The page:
The function of the legislature is for members of the legislature in majority to take a decision after a debate or whatever. When the majority takes a decision, the minority would have had their say and the decision goes to the majority. When there is a debate on any issue, the presiding officer is only meant to coordinate the debate to ensure that everybody is given an opportunity to say his position for everybody to hear and that is what the parliament is all about, not hiding somewhere to say something or do something. So, at the end of the day, you collect reviews and the majority will have the decision. You cannot as a presiding officer look at your colleagues who have consciously taken a decision that this is what should be done and then you say no, I’m not going to go with that decision. I’m going to go with the minority decision. It’s honourable for him to just exit that presiding officer position, otherwise, he will be sacked.

In terms of the relationship between the executive and the legislature, I believe that you can have two relationships. One is a negative one and the other one is a positive one. If you choose to fight, the two arms suffer and the country suffers even more because it is not possible for you to fight and yet get something done for the country. I don’t belong to the school of thought of encouraging fighting between the two arms of government. I can tell you I was in the opposition for 16 years from 1999 to 2015; I argued, I opposed positions that I felt were supposed to be opposed, but I knew the limits of my opposition when the issues before us were issues that will make life better for Nigerians. Even as an opposition, I will not oppose it.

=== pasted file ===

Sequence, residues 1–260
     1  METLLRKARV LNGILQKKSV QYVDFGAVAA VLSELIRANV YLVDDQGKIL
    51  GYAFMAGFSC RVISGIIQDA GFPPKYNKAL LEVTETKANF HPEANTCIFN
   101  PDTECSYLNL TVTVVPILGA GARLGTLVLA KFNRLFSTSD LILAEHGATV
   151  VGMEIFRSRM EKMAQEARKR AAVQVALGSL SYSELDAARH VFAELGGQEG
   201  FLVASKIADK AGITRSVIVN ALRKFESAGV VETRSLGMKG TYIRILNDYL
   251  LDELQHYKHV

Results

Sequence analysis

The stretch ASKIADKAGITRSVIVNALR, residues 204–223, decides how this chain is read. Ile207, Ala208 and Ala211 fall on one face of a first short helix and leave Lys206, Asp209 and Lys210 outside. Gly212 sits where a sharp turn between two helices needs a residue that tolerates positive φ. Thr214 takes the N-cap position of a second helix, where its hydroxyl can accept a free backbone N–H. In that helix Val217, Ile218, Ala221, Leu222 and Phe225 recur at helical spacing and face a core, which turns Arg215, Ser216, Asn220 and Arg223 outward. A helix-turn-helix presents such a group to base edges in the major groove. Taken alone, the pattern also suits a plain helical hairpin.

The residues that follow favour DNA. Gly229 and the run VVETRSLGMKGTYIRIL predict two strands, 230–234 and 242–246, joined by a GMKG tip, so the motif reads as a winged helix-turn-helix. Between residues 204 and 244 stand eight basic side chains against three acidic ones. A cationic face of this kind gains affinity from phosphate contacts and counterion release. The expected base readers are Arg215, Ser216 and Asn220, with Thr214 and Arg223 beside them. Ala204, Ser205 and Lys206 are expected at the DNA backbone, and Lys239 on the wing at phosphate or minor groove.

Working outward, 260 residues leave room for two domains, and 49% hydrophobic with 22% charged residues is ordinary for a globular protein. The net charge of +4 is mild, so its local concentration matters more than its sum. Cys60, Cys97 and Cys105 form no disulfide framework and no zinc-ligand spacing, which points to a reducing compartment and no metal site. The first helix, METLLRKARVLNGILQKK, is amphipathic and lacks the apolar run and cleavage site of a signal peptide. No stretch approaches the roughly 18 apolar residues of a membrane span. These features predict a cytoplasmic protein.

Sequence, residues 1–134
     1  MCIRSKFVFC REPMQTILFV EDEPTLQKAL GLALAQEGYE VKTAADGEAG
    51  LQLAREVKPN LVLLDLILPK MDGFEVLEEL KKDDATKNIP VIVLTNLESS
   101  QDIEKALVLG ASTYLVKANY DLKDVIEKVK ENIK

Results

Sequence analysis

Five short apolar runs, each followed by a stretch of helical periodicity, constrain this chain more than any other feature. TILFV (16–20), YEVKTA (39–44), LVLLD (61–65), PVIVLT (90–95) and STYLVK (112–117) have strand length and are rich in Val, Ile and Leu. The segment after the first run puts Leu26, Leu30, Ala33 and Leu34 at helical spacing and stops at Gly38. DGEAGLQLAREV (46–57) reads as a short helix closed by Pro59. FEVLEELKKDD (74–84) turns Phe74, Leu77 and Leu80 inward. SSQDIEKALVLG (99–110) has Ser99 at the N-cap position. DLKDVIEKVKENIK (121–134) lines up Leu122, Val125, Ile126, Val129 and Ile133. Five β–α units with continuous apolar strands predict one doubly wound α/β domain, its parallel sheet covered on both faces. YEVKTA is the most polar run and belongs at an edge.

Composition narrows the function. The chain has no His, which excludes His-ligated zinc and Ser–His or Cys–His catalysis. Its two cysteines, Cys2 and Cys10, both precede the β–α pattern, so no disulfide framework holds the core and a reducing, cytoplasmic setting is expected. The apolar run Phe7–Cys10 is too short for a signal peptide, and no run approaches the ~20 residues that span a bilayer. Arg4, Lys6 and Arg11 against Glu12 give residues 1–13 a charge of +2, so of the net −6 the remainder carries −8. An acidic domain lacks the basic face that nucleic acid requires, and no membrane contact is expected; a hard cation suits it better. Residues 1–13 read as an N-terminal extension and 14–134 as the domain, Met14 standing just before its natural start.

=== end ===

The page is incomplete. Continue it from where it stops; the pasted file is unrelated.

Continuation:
The other side is working together, not fighting. When you have to work together, you will disagree and by the design of the constitution of this country, the legislature has been given some functions that will naturally make the executive sit up or feel uncomfortable. There will be a day when the executive will send something that will be in white colour and the legislature will see it as grey because our perspectives are meant to be different from time to time, for the benefit of Nigerians. Parliamentary democracy, particularly, is for us as representatives of the people to ensure that the executive does not do anything that will impinge negatively on the people; that everything or anything the executive does must be in the national interest; that helps and enhances the lives of the people. So, our perspectives may differ and why on earth wouldn’t we say no. But when we say no, we don’t have to go to the market square and start shouting and throwing bottles and stones because we are supposed to serve the same people. Let’s serve and an engagement; let’s sit discuss and resolve in national interest. That will work and if it doesn’t, at least the opportunity to listen to each other has been provided and the legislature can take a decision.

So, there is nothing like rubber stamp. I believe in President Muhammadu Buhari. I believe in my party but then, if you believe in someone, if that person has an issue that you think can be better carried out in a certain way, other than the way it was presented to you, for God sake, can’t you say I’m suggesting we go this way? If you allow the direction that may not be right to be followed, the end of it will be catastrophic and that is not showing support.

So my support for the President must not be misconstrued as going to make the National Assembly a rubber stamp. I supported the previsions administration of PDP on issues that I felt were in the national interest and I opposed very vehemently. Those of you who have been following us from the House of Representatives to the Senate know that we could be very vehement in opposition. But we also supported the administration when we were in opposition.

So, I believe that we want to create a situation where we will work in cordiality, a relationship that is based on mutual respect, cooperation, on collaboration, synergy and partnership and there is nothing wrong in that. it is not when you fight that you will say you are representing your people well. What your people want is better life and that can only be achieved with a stable Senate and National Assembly and a cordial working relationship between the legislature and the executive arm of government.